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Eagle Scout Rank Application

Requirement 1:

Be active in your unit for a period of six months after you have achieved the rank of Life Scout.

This means that you are an active, contributing member of your unit, according to the standard set by your unit leader. The Board will rely on the unit leader to determine if the candidate has been "active enough". The standard should be established at the time of the Scout's Scoutmaster Conference when he is earning his Life Scout rank and should be re-examined over time as the Scout matures. If you are not a participating member, leader and example in your unit for a total of six months after your Life Scout Board of Review date, your unit leader may not accept your performance for this requirement. Note that this time period does not have to be six consecutive months, only six months in total. The unit leader should inform the Scout immediately if participation is not adequate to enable the Eagle candidate to improve his activity level. For more details, see Guide to Advancement “”Active Participation”

Requirement 2:

Demonstrate that you live by the principles of the Scout Oath and Law in your daily life. List the names of individuals who know you personally and would be willing to provide a recommendation on your behalf, including parents/guardians, religious, educational, and employer references.

Simply, list people who know you well. Try to get a varied selection. Don't list four teachers if you can instead select people from different areas of your life.

If you do not have an employer, it is permissible to put a line through that title and use the space to list another reference. Since a Scout is reverent, you should include a religious reference. This is to provide Board of Review members with written comments about the Eagle candidate. The Scout should communicate directly with the references by calling or writing to ask their permission to be used as a reference, and then personally sending or delivering the Reference Form. The Reference Form should be delivered to the Board of Review Chairperson confidentially. If the Scout is uncomfortable asking for a confidential reference, another reference should be selected. Please note that the Eagle candidate's parents and unit leader are not responsible for these references, the Scout is responsible. The Board of Review will be encouraged to consider the necessity of adult involvement in this reference process to be a possible area of concern. For more details, see Guide to Advancement “Demonstrate Scout Spirit”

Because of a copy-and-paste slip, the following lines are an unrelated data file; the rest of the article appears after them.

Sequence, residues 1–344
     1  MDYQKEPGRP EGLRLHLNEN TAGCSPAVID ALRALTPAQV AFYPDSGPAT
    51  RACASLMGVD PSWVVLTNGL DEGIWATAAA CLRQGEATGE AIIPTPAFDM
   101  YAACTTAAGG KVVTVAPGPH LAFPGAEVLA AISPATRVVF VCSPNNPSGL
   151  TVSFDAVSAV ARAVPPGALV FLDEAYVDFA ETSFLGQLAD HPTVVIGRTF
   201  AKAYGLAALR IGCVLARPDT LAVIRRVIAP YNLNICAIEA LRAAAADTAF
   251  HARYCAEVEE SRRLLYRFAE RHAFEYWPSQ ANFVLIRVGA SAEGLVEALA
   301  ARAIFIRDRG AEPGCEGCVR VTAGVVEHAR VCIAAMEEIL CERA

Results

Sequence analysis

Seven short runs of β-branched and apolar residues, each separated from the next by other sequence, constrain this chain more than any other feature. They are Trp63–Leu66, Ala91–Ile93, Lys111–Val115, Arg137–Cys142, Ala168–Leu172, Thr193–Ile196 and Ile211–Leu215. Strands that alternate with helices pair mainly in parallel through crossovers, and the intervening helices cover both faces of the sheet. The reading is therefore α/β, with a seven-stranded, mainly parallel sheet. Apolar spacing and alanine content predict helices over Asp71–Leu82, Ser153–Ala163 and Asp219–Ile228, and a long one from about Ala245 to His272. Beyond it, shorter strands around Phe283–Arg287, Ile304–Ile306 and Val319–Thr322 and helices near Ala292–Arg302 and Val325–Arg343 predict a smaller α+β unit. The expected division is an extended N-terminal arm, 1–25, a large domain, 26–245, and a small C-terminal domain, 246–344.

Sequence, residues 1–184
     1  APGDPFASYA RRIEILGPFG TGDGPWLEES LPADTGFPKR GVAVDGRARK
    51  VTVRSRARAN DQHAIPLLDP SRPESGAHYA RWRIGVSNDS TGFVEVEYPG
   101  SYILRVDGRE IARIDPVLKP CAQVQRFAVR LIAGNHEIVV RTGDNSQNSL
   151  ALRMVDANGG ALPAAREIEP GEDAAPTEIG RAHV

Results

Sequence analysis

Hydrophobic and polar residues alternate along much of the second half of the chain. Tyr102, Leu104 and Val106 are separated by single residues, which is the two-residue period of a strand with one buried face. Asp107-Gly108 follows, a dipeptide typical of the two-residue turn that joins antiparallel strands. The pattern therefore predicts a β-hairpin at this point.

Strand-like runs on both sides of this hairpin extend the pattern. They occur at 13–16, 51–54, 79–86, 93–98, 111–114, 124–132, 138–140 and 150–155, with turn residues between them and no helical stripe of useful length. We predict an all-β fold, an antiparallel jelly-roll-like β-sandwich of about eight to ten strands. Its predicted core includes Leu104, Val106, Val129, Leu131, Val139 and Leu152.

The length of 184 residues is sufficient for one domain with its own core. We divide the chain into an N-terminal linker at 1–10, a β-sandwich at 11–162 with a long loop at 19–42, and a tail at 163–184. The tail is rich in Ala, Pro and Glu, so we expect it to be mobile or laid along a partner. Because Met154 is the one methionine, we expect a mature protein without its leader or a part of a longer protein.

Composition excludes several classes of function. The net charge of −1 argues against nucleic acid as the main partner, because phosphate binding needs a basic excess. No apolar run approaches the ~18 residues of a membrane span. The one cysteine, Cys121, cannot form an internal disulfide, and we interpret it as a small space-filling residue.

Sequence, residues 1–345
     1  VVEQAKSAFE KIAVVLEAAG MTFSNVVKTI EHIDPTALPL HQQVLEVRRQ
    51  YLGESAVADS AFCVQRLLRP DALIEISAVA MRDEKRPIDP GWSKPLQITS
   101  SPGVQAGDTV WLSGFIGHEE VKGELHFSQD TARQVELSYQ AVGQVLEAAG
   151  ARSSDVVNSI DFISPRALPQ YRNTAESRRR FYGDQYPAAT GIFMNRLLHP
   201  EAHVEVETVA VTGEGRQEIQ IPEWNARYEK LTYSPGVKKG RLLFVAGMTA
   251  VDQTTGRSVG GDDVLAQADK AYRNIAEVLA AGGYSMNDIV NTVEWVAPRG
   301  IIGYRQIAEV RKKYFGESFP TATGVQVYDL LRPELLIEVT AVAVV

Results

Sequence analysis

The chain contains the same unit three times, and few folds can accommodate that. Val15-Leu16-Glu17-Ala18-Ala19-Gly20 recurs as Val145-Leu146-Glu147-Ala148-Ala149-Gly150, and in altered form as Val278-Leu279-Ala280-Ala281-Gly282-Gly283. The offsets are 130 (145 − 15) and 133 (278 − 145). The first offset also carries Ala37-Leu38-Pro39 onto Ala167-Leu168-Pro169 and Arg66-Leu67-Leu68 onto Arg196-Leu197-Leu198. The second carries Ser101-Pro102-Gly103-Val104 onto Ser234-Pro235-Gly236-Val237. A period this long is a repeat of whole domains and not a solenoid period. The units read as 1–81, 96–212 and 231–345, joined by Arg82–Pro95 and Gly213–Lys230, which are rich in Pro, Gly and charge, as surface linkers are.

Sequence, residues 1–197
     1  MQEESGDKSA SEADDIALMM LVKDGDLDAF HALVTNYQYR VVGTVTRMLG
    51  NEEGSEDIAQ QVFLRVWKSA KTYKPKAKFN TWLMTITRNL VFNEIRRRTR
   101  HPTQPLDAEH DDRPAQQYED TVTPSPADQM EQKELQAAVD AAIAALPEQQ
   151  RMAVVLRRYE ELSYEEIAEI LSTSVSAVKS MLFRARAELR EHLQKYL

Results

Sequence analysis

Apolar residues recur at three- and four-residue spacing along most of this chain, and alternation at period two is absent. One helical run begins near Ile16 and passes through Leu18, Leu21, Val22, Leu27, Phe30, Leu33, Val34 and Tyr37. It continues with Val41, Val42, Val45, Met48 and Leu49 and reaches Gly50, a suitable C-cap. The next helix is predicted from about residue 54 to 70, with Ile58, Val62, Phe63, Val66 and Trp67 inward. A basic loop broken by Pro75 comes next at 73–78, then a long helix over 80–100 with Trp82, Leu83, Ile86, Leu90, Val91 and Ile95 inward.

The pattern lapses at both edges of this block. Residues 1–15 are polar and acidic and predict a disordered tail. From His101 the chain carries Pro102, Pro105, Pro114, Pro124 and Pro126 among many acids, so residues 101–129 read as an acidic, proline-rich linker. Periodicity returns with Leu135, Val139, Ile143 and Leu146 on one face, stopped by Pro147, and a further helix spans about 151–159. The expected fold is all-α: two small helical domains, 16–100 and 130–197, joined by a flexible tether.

Requirement 3:

Earn a total of 21 merit badges, including 13 of the Eagle required merit badges listed below and 8 of your own choosing:

  1. Camping 
  2. Citizenship in the Community
  3. Citizenship in the Nation
  4. Citizenship in the World
  5. Communications
  6. Cooking
  7. Emergency Preparedness OR Lifesaving
  8. Environmental Science OR Sustainability
  9. Family Life
  10. First Aid
  11. Personal Fitness
  12. Personal Management
  13. Swimming OR Hiking OR Cycling

You must choose only one merit badge listed in items 7, 8 and 13. If you have earned more than one of the badges listed in items 7, 8 and 13, choose one and list the remaining badges to make your total of 21.

Preplanning is a necessary because some merit badges, such as Family Life or Personal Management, require at least three months to complete. List the actual merit badges you used for Star and Life ranks, as well as the rest needed for Eagle. Any checks made against the Star and Life dates you listed on your application can make it appear that you did not have enough merit badges to earn earlier ranks as per the Board of Review dates you listed for them.